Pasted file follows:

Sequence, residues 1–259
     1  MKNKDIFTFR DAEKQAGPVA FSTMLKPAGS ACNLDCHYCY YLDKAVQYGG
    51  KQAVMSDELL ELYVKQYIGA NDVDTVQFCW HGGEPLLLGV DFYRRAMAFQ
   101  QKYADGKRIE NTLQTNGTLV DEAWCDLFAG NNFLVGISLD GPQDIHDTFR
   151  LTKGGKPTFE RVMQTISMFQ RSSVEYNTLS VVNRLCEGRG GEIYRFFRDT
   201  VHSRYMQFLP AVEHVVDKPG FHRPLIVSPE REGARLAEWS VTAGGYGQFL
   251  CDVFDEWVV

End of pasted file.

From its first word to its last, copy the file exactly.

Sequence, residues 1–259
     1  MKNKDIFTFR DAEKQAGPVA FSTMLKPAGS ACNLDCHYCY YLDKAVQYGG
    51  KQAVMSDELL ELYVKQYIGA NDVDTVQFCW HGGEPLLLGV DFYRRAMAFQ
   101  QKYADGKRIE NTLQTNGTLV DEAWCDLFAG NNFLVGISLD GPQDIHDTFR
   151  LTKGGKPTFE RVMQTISMFQ RSSVEYNTLS VVNRLCEGRG GEIYRFFRDT
   201  VHSRYMQFLP AVEHVVDKPG FHRPLIVSPE REGARLAEWS VTAGGYGQFL
   251  CDVFDEWVV